Introduction: Why to Study Ageing in Organisations?

  • Iiris Aaltio
  • Albert J. Mills
  • Jean Helms Mills


Questions related to ageing are shared widely in and between organizations. People are living longer and working longer than they used to earlier (Levinson 1978). The percentage of people over 60 years of age is growing rapidly worldwide, with one report estimating that by mid-century the number of people over 60 will triple to nearly two billion people. This tendency is evident especially in Europe and North America, which countries face the retiring of the baby-boom generation (Aaltio et al., International Journal of Work Innovation, 1(4), 323–329, 2016). The growing phenomenon of ageing has had and will have a major impact on the economy, and on social and work life (Davoudi et al., Futures, 42(8), 794–803, 2010). Age is widely used to judge workplace tenure and suitability for certain types of work. For example, there are age restrictions on pilots and surgeons in a number of countries (Bridges et al., Absent aviators: Gender issues in aviation. London: Ashgate, 2014). Historically, a number of countries have had retirement ages in place but recent debates have led to the ending or extension of the age at which individuals are required to stop full-time work. For instance, in Canada, the retirement age was 65 years of age until recently when the practice was legally ended in most jurisdictions.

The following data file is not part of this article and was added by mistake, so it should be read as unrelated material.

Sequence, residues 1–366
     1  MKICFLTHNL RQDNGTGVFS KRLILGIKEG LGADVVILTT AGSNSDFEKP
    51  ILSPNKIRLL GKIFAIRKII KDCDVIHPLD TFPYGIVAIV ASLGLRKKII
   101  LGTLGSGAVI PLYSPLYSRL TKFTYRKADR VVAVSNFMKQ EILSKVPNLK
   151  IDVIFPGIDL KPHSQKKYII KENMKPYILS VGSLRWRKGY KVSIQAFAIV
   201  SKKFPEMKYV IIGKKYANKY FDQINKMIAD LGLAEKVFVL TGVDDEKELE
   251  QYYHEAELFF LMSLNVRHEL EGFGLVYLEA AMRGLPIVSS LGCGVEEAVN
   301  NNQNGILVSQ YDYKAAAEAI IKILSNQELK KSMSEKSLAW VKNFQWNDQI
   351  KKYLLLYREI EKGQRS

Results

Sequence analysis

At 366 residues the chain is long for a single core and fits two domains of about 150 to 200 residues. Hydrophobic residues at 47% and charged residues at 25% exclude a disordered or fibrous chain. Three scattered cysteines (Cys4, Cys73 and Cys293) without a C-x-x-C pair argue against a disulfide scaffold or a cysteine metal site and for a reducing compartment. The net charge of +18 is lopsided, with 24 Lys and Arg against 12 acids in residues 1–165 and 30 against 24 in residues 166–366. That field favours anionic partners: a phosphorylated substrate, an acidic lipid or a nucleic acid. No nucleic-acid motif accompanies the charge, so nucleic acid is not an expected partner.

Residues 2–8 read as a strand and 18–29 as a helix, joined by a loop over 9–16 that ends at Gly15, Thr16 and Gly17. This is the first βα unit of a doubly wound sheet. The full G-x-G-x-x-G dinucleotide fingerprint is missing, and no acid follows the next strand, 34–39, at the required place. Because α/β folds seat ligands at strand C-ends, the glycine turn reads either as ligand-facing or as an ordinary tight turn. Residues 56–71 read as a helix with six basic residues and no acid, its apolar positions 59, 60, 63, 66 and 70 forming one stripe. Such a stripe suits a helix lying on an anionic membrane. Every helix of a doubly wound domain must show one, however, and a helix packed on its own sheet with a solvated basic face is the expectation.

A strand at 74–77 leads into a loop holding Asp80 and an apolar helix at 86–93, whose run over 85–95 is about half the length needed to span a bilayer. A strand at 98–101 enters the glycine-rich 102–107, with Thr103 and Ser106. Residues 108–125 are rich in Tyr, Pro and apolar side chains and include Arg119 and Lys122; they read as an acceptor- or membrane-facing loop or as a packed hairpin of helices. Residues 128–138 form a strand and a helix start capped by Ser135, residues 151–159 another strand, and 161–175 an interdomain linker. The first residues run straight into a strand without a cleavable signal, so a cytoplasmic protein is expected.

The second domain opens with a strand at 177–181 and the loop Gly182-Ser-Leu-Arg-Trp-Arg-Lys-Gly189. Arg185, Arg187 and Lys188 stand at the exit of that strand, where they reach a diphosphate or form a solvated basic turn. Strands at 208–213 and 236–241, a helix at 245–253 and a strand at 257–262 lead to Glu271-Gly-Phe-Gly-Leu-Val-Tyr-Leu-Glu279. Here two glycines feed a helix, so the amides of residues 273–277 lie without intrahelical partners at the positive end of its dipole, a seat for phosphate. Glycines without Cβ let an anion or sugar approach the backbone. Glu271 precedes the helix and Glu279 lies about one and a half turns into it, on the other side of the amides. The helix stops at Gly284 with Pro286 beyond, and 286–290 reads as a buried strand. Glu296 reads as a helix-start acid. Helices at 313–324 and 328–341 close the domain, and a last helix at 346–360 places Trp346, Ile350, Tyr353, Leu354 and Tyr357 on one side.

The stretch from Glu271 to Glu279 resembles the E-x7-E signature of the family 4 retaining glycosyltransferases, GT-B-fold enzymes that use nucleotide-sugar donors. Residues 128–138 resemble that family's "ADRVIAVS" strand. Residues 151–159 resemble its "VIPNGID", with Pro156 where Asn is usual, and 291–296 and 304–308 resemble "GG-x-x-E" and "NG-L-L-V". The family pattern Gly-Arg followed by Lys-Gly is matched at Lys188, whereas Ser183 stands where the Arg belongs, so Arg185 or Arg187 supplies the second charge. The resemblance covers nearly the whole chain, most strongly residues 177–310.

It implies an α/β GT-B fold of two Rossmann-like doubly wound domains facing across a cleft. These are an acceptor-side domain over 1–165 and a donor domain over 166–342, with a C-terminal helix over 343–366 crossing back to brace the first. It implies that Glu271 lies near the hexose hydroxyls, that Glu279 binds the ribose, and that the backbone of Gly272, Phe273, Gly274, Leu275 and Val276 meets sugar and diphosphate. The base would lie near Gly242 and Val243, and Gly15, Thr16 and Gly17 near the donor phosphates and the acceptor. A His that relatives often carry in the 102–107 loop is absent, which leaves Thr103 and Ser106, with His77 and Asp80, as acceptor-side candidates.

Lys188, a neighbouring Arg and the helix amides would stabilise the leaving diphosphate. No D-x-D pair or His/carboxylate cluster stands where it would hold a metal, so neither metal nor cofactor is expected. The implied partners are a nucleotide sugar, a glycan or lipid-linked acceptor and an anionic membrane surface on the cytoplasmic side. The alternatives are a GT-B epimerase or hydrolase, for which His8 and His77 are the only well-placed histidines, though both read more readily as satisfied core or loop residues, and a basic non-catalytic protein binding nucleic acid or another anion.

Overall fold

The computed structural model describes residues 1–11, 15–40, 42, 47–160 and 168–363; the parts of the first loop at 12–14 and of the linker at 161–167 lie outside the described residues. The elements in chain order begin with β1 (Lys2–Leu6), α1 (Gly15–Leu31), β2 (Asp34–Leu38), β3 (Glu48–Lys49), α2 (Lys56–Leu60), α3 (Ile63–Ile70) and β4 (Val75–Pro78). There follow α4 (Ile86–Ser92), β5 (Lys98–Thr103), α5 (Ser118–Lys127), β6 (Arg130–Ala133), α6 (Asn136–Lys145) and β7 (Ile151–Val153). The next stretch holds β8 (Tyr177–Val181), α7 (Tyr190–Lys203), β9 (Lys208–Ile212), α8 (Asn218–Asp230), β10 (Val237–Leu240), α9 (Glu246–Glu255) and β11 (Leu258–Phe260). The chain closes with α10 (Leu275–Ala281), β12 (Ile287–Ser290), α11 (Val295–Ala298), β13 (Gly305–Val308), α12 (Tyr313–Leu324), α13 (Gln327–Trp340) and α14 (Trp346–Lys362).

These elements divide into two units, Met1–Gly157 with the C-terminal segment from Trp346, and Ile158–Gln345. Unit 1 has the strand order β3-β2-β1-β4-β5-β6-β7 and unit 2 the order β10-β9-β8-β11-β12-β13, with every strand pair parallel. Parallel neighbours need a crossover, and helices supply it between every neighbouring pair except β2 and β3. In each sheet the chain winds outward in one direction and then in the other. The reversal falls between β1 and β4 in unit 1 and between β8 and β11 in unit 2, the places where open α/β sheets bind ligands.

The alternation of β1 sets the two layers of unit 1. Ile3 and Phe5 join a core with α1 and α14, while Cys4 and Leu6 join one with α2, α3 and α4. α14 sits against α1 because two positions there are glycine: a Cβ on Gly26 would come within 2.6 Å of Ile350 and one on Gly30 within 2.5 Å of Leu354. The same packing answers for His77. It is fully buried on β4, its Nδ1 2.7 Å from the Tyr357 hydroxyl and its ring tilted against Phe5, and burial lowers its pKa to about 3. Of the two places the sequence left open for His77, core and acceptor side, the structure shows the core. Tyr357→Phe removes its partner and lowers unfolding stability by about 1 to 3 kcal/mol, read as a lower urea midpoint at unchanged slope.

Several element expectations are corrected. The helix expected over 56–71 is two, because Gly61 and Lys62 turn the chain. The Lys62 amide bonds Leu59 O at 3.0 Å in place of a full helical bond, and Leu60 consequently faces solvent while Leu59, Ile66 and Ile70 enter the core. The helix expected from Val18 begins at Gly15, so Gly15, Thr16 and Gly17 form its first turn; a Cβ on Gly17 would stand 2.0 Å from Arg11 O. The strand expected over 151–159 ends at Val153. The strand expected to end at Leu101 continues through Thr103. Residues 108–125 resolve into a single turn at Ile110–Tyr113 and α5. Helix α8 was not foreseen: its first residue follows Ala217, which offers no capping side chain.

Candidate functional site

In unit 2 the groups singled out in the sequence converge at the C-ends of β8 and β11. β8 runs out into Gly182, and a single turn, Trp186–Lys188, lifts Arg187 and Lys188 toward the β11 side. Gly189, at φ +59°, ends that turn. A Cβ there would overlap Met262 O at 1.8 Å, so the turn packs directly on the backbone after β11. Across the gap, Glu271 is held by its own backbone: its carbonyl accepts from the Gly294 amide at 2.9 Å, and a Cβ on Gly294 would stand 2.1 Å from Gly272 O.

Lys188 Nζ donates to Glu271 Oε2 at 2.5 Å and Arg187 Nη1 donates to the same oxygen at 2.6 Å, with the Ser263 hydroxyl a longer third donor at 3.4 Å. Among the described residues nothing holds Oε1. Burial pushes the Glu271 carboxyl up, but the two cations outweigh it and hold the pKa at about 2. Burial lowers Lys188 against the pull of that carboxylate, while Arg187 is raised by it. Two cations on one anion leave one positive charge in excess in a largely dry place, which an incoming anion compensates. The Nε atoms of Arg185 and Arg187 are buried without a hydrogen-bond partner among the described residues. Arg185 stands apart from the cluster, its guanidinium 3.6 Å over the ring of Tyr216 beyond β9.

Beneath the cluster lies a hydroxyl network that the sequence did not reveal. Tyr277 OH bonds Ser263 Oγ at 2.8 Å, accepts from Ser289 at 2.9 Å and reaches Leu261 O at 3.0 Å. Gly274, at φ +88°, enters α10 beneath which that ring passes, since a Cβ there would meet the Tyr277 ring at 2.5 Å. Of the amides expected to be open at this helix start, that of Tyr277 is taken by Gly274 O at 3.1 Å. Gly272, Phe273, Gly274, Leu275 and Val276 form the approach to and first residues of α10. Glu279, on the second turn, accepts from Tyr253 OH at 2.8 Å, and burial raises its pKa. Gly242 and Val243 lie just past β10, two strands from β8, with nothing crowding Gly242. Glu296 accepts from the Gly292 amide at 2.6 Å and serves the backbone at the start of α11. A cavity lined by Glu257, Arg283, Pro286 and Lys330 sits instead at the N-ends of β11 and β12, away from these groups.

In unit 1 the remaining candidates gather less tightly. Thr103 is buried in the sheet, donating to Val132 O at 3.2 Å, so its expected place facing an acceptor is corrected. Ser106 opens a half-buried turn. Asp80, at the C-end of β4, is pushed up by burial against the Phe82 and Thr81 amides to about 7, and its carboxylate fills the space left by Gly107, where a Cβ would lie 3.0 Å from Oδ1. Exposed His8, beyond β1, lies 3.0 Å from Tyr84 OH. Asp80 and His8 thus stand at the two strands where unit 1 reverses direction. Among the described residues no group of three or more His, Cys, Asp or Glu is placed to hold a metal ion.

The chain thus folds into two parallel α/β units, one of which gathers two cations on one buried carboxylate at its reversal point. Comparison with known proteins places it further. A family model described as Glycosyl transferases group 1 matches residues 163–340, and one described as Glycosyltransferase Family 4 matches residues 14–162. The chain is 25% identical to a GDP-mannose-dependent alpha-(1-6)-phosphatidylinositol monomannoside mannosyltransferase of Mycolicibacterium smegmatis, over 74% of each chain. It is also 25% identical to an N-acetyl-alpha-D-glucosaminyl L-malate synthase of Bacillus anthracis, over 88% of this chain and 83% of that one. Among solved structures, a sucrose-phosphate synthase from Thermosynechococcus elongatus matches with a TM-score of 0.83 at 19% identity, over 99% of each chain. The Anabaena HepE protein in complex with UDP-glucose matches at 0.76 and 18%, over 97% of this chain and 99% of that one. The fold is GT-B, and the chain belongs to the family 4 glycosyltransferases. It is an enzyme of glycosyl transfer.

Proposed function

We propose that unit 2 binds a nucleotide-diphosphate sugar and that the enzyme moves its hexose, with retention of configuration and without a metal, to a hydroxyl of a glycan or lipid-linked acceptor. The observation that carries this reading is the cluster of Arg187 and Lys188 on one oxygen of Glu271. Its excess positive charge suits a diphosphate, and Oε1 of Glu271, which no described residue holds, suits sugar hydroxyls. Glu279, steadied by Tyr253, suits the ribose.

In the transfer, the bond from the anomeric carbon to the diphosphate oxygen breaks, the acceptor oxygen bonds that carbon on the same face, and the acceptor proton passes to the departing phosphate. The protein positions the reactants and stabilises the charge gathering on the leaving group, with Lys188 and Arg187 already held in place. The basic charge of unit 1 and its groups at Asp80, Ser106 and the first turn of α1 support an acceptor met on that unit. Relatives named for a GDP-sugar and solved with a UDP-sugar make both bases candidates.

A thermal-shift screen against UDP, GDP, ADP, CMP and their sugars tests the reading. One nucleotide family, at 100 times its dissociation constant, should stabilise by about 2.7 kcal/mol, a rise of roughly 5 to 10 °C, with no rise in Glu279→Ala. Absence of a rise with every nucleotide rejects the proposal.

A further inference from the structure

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Copyright information

© The Author(s) 2017

Authors and Affiliations

  • Iiris Aaltio
    • 1
  • Albert J. Mills
    • 2
  • Jean Helms Mills
    • 2
  1. 1.University of Jyväskylä, School of Business and EconomicsJyväskyläFinland
  2. 2.Sobey School of BusinessSaint Mary’s University Sobey School of BusinessHalifaxCanada

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